Telugu literature can be traced back to the early part of the eleventh century. The earliest specimens of Telugu literature are found in the writings of the famous poet, Hala, in his `Prakruta Grandhamu’. Telugu words are also mentioned in the edicts and statutes found as part of the archaeological evidence in Cuddapah District in Andhra Pradesh. The findings date these writings to the late sixth century. Poetic statutes were also found in the mid tenth century in the Prakasham Zilla at Addanki.

There are four distinct periods pertaining to Telugu literature. The earliest was the Krutayugamunaka and in this period, literary tradition was handed down to the next generation orally. This was followed by the Threthayugamu or the mythological period which included translations of masterworks like Ramayana by Valmiki. The third period was the Dwaparayugamu which included translation by Nannayya of the epic Mahabharata by Veda Vyasa. The current literary period is known as Kaliyugamu.

The first major effort in Telugu literature was by Nannayya who translated the Mahabharata from Sanskrit into Telugu. He was the poet laureate in the court of Raja Rajanarendra of Rajahmahendravaram which is now Rajahmundry. He was the pioneer Telugu writer after Hala or Haludu. Nannayya could not complete the full translation of the Mahabharata. The unfinished work was then completed by Thikkanna and Errapragada. These three were known as the `Kavitrayam’ trinity. Also influenced by the Sanskrit classics, Nannechoda wrote `Kumara Sambhava’.

Institutions like Andhra Sahitya Parishad in Kakinada and Hyderabad along with Andhra Pradesh Sahitya Akademi are involved in the promotion of Telugu literature on an organised platform. The Navya Sahitya Parishad in Hyderabad is also engaged in the promotion of talented Telugu local writers.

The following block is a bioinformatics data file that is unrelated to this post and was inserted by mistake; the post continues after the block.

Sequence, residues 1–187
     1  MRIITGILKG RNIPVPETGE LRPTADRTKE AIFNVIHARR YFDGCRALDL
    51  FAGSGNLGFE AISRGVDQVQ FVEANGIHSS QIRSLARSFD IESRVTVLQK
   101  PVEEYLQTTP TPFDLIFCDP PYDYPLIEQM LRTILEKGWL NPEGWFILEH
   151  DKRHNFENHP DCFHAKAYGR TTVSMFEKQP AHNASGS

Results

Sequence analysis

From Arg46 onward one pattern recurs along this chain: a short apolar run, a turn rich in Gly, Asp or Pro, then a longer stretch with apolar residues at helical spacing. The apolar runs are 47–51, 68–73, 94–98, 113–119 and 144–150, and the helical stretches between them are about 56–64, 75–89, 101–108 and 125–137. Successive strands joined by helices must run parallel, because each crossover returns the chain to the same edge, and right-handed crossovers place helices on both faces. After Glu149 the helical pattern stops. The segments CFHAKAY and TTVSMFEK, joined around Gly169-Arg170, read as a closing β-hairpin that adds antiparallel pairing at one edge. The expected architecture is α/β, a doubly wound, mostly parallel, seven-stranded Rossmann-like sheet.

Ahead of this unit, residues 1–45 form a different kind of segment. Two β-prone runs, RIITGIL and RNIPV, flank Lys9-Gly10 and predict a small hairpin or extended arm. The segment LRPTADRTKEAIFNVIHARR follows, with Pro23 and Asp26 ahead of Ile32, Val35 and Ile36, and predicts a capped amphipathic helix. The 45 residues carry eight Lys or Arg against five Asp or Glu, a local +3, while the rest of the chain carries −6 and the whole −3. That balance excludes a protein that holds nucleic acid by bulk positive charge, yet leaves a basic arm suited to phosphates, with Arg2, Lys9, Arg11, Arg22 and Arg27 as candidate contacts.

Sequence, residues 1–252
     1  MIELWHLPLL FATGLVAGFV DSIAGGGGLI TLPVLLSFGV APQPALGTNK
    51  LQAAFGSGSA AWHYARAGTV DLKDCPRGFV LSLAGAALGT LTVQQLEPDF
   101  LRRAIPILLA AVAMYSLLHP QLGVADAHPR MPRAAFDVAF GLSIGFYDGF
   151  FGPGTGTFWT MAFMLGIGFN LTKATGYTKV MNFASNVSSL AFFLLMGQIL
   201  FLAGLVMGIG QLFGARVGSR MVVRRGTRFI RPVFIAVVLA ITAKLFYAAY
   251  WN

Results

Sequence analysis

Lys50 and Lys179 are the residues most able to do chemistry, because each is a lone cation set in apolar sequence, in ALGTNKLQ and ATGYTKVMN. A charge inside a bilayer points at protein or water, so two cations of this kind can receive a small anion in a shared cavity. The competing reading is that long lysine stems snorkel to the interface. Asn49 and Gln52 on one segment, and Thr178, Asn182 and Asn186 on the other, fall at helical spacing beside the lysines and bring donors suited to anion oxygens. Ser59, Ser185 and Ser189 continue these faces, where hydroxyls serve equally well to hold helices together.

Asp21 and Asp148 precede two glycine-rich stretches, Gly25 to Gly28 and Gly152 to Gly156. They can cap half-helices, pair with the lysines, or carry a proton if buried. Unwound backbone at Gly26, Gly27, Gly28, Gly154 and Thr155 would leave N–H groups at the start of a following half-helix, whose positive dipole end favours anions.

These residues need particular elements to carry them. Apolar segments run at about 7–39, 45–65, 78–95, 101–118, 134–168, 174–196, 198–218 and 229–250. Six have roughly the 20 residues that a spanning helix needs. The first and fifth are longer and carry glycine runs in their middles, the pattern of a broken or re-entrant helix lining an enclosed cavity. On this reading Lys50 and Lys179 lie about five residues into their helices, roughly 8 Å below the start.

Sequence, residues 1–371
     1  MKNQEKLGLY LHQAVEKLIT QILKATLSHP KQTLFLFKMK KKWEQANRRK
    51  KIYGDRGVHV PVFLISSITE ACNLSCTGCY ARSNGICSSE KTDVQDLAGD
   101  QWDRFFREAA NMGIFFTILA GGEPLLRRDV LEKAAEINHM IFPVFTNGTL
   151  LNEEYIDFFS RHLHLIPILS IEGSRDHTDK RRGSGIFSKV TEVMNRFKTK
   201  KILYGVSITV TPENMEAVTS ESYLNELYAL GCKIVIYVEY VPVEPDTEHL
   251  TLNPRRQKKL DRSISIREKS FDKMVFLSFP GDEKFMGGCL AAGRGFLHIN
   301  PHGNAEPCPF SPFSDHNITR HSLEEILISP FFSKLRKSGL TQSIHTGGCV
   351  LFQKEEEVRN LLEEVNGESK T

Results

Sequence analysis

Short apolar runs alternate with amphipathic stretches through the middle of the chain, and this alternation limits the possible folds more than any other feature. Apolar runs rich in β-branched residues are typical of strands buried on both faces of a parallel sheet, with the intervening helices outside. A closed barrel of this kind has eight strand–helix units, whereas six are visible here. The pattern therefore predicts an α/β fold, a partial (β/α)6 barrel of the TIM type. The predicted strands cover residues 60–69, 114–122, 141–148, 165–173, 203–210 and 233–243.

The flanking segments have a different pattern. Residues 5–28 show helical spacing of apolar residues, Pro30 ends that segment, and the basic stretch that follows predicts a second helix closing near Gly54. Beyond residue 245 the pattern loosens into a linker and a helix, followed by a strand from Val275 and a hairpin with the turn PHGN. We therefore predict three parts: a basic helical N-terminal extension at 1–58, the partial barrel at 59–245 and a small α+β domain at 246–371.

Latin of the East

Telugu has been labelled as the `Latin of the East’ by a famous Venetian traveller by the name of Niccolo de Conti who came to India and visited the Vijayanagar Kingdom in the late fifteenth century. He found the similarity between Latin and Telugu in the way the words ended in vowels.

Telugu is also known as `Ajanta Bhasha’ because most of the words ended in vowels. Both the short and the long vowels are used as in other Dravidian languages. Telugu has both voiced and unvoiced consonants. This is demonstrative only in written Telugu and not the spoken one. Telugu maintains vowel harmony and uses the vowels as suffixes that are harmonised in the preceding syllables. This is similar to Latin, Finnish and Turkish languages.

As with other languages in India, Telugu has a system of gender and respect that includes the second and the third person reference. Telugu has sixty symbols, out of which sixteen are vowels; three are vowel modifiers and forty one consonants.

The Latin of the East is now spreading in the West. Telugu language already has a department at the University of Wisconsin. The University of Berkeley in California is also coming forward to set up a new department for the Telugu language. This is mainly due to the rising popularity of Telugu as a language on an international spectrum which brings back the importance of the words spoken by Andhra Pitamaha, Allasani Peddana, who had the foresight to declare that Telugu would become the language of the languages in India and the whole world in future.